Staff Summary of Public Testimony (Law & Justice): Testimony From 2015 Regular Session on Bill as Heard in Committee. PRO: This is an effort to fix the broken LFO system. We are failing to collect LFOs. The striking amendment preserves current judicial discretion. Collecting 100 percent of of something is better than 100 percent of nothing. We need to get offenders off the treadmill of paying LFO interest. The current LFO system affects families of color and those with limited financial means. Restitution needs to be a priority. LFOs are imposed disproportionately on people of color. LFOs punish poverty. This properly recognizes the value of restitution while helping offenders reintegrate into society. Even a person trying to pay LFOs can fall behind because of the high interest rate.

CON: The striking amendment lessens the fiscal impact, but it is still significant. The current system is case based, so it would be difficult to apply the restitution priority without significant changes to the system or court clerk time. The technology is not currently available to do electronic transfers with the priorities in the bill. A fixed interest rate will be simpler.

OTHER: We need to know how this would effect net collections.

Persons Testifying (Law & Justice): Persons Testifying From 2015 Regular Session. PRO: Representative Goodman, prime sponsor; Representative Holy; Judge Steve Warning, Superior Court Judges Assn.; Deborah Hawley; Gerald Hankerson, National Assn. for the Advancement of Colored People (NAACP) Seattle King County; Senait Brown, NAACP, Black Out WA; Shankar Nareyan; American Civil Liberties Union of WA; Leo Flor, NW Justice Project; Nick Allers, Columbia Legal Services; Bob Cooper, WA Defender Assn., WA Assn of Criminal Defense Lawyers; Judge Theresa Doyle, WA Minority and Justice Commission; Michele Dovres, Valorie Bodeau, citizens.

CON: Ruth Gordon, WA State Assn. of County Clerks (WSACC); Sonya Kraske, Snohomish County; Joel McAllister, WSACC, King County Clerk; Brian Enslow WA State Assn. of Counties.

OTHER: Greg Luhn, WA Collectors Assn.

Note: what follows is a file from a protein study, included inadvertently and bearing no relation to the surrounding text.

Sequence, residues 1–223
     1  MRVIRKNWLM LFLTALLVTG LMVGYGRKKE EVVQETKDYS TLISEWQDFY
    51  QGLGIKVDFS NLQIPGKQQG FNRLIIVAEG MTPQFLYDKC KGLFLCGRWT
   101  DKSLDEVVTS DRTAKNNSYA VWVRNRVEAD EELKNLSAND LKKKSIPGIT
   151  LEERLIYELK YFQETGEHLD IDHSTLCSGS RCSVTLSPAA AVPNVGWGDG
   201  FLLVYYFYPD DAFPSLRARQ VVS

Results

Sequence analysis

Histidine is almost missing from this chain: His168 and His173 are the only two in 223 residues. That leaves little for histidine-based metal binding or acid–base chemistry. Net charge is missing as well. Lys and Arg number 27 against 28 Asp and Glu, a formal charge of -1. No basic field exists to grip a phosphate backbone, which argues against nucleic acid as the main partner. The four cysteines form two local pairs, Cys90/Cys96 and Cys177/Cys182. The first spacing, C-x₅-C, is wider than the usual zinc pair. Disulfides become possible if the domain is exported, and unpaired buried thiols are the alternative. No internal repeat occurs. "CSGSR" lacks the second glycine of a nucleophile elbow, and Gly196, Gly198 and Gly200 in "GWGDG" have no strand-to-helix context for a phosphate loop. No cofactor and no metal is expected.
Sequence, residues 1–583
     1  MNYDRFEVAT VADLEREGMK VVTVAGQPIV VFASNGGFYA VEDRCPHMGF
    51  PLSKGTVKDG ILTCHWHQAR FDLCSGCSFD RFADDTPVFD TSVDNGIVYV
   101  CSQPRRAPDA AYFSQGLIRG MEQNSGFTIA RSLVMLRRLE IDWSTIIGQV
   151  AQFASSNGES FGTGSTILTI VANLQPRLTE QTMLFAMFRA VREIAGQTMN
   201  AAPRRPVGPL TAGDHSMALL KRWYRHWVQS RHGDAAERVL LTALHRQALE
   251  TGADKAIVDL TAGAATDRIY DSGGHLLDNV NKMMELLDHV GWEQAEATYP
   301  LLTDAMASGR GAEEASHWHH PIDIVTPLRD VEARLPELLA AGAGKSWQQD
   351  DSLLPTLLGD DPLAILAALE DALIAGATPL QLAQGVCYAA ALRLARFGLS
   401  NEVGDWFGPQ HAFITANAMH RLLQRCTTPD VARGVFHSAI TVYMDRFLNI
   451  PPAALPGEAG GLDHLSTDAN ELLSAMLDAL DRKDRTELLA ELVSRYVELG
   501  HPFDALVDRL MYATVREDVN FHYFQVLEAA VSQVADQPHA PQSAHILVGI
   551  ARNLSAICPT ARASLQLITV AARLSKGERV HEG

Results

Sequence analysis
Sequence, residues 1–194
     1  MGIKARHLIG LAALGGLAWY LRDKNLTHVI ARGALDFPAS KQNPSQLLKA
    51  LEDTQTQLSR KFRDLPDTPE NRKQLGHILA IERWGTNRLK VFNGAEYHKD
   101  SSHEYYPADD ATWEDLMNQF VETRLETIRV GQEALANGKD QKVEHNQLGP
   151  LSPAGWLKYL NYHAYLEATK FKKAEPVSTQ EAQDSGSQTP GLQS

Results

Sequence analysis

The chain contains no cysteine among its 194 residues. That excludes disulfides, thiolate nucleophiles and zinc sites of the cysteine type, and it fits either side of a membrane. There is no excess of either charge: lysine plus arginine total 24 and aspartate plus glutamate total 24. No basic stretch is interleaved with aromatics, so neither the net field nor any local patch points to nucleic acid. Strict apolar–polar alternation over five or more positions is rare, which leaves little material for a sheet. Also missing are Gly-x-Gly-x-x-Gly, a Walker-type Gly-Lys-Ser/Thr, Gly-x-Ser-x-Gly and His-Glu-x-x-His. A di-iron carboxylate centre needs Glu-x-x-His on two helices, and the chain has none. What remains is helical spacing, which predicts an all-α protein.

Persons Signed In To Testify But Not Testifying: No one.

Staff Summary of Public Testimony (Ways & Means): Testimony From 2015 Regular Session on Bill as Amended by Law & Justice. PRO: This bill is the result of town hall meetings, community input, and action. We consistently heard from the community that the LFO system needed reform. It exacerbates racial disparity. Offenders cannot fully close out their sentences. Interest rates are a deterrent to payment. We ask for three amendments: (1) interest rate for restitution LFO maintained at 12 percent and non-restitution LFOs at 0 percent; (2) place payment of victim restitution first in the payment scheme; and (3) remove the section that seeks to overturn the Balzina case. LFOs are a crushing burden on a person. The Senate budget reduces grants to counties for LFO collections. Grants are an example of spending dollars to chase dimes. We ask that the Senate make changes to restore bill as it passed the House. I have two sons – one in prison, one out of prison. LFOs has made it difficult for my son out of prison to maintain employment. My son in prison will have a massive debt upon release. The bill as passed the House will help offenders make a successful transition into society. Veterans are an overrepresented population in our prison system. The burden of LFOs are at odds with the investments we need to make in veterans' mental health. Reducing LFOs will allow offenders who are veterans an easier path to reintegrate with society.